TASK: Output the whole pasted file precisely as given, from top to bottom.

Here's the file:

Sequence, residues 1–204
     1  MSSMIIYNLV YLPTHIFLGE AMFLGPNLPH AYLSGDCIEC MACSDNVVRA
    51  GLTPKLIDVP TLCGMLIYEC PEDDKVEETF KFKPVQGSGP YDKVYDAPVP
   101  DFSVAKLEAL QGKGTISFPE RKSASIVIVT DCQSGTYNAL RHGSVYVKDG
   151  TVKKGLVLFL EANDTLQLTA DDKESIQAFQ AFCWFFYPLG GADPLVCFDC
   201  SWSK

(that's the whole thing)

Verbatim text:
Sequence, residues 1–204
     1  MSSMIIYNLV YLPTHIFLGE AMFLGPNLPH AYLSGDCIEC MACSDNVVRA
    51  GLTPKLIDVP TLCGMLIYEC PEDDKVEETF KFKPVQGSGP YDKVYDAPVP
   101  DFSVAKLEAL QGKGTISFPE RKSASIVIVT DCQSGTYNAL RHGSVYVKDG
   151  TVKKGLVLFL EANDTLQLTA DDKESIQAFQ AFCWFFYPLG GADPLVCFDC
   201  SWSK